The door opens, and a smiling young maiden looks in with many a nod of her little head.
“Ah, is it you, my Julia?” calls the princess, opening her arms to press the young girl to her heart. “Come, I will kiss you, and imagine it is he who receives the kiss! Ah, what would this poor Anna Leopoldowna be if deprived of her dear friend, Julia von Mengden?” And drawing her favorite down into her lap, she continued: “Now relate to me, Julia. Set your tongue in motion, that I may hear one of your very pleasantest stories. That will divert me, and cause the long hours before his coming to pass more quickly.”
Julia von Mengden roguishly shook her beautifully curling locks with a comic earnestness, and, very aptly and unmistakably imitating the somewhat hoarse and nasal voice of Prince Ulrich, said:
“Your grace forgets that you are regent, and have to hold the reins of government in the name of the illustrious imperial squaller, your son, since his imperial grace still remains in his swaddling-clothes, and has much less to do with state affairs than with many other little occupations!”
Anna Leopoldowna, breaking out in joyous laughter, exultingly clapped her little hands, which were sparkling with brilliants.
“This is superb,” said she. “You play the part of my very worthy husband to perfection. It is as if one saw and heard him. Ah, I would that he resembled you a little, as he would then be less insupportable, and it would be somewhat easier to endure him.”
Julia von Mengden, making no answer to this remark, continued with her nasal voice and comic pathos:
“Your grace, this is not the time to analyze our diverting little domestic dissensions, and occupy ourselves with the quiet joys of our happy union! Your grace is, above all things, regent, and must give your attention to state affairs. Without are standing three most worthy, corpulent, tobacco-scented ambassadors, who desire an audience. Your grace is, above all things, regent, and must receive them.”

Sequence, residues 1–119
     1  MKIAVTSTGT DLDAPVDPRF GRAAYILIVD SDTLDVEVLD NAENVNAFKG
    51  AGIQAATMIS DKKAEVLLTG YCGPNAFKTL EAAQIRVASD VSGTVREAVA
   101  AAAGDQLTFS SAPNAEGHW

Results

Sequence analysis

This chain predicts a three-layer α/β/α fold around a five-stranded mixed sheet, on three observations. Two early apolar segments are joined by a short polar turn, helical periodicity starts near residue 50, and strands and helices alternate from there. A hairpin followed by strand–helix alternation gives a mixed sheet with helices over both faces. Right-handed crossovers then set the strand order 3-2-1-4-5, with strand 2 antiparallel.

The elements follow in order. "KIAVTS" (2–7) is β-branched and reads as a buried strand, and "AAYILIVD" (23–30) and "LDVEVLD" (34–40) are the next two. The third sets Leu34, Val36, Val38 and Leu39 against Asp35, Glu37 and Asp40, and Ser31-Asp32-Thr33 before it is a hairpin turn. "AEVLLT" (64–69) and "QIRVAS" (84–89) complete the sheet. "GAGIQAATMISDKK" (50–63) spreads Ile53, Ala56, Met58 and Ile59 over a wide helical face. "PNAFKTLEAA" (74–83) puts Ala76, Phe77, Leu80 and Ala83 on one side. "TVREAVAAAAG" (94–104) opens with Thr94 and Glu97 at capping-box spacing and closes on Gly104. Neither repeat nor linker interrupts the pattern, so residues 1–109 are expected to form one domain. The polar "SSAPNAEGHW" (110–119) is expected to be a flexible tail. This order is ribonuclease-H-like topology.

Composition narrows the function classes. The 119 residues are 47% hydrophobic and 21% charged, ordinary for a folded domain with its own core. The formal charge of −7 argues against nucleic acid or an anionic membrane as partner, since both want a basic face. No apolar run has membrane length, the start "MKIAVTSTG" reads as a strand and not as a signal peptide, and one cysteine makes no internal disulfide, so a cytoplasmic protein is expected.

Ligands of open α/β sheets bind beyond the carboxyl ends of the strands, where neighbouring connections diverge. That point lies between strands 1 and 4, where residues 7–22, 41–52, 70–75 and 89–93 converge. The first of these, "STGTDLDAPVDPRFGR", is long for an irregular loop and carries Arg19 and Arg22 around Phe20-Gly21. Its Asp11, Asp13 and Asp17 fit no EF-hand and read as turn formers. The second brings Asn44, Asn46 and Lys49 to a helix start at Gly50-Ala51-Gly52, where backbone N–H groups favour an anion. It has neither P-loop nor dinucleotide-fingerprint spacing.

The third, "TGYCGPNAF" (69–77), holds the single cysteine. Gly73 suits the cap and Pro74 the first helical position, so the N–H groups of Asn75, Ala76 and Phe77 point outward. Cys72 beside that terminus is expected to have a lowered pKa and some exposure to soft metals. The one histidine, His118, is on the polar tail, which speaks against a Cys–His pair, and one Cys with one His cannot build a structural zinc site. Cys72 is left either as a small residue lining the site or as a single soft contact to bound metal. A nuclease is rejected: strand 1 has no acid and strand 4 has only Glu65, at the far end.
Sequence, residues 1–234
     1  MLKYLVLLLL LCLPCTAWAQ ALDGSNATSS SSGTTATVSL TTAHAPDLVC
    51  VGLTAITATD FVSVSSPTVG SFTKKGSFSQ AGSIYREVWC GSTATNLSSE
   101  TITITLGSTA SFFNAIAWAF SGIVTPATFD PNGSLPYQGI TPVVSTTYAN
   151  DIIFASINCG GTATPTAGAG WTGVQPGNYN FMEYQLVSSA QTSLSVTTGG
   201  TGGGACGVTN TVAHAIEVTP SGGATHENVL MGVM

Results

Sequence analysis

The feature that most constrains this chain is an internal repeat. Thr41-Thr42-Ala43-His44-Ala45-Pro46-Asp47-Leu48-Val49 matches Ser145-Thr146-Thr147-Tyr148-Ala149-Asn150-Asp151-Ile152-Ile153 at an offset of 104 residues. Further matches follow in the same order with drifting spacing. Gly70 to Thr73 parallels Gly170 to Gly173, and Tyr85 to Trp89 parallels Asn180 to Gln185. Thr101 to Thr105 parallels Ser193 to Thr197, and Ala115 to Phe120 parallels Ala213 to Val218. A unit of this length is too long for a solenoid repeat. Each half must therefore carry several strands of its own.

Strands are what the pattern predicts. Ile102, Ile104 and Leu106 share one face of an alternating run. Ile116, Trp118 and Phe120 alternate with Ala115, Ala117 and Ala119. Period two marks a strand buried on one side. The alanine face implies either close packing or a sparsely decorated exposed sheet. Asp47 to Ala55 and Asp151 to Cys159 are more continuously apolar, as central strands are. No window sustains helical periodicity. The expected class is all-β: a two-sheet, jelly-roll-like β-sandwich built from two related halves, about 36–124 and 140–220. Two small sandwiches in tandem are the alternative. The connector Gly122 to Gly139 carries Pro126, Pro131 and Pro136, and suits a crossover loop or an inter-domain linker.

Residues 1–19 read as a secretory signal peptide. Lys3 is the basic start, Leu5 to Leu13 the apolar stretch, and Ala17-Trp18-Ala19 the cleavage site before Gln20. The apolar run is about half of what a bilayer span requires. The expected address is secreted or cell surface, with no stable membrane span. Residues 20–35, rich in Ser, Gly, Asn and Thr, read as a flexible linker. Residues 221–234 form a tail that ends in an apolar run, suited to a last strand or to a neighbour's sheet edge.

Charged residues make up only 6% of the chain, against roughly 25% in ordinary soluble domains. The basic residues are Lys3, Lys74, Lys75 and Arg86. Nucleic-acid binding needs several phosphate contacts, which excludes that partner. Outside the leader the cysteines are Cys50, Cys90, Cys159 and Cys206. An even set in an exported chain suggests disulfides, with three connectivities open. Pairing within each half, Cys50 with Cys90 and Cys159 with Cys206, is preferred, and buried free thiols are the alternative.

“Must!” exclaimed Anna, suddenly contracting her brows. “We will first hear what they desire of us.”
“The first is the envoy of the great Persian conqueror, Thamas-Kouli-Khan, who comes to lay at your feet the magnificent presents of his master.”
“Bah! they are presents for the young Emperor Ivan. He may, therefore, be conducted to the cradle of my son, and there display his presents. It does not interest me.”
“The second is a messenger from our camp. He brings news of a great victory obtained by one of your brave generals over the Swedes!”
“But what does that concern me?” angrily cried the regent. “Let them conquer or be defeated, it is all the same to me. That concerns my husband the generalissimo! Let me be spared the sight of the warlike and blood-dripping messenger!”
“The third is the ambassador of the wavering and shaking young Austrian Empress Maria Theresa. He comes, he says, upon a secret mission, and pretends to have discovered a sort of conspiracy that is hatching against you.”